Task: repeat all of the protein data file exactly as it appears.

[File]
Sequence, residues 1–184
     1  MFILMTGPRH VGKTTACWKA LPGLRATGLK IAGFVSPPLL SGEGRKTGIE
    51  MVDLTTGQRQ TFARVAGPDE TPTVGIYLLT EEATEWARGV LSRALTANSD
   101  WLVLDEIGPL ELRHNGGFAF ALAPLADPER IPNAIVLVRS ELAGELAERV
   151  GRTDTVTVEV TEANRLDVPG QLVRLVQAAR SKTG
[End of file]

Sequence, residues 1–184
     1  MFILMTGPRH VGKTTACWKA LPGLRATGLK IAGFVSPPLL SGEGRKTGIE
    51  MVDLTTGQRQ TFARVAGPDE TPTVGIYLLT EEATEWARGV LSRALTANSD
   101  WLVLDEIGPL ELRHNGGFAF ALAPLADPER IPNAIVLVRS ELAGELAERV
   151  GRTDTVTVEV TEANRLDVPG QLVRLVQAAR SKTG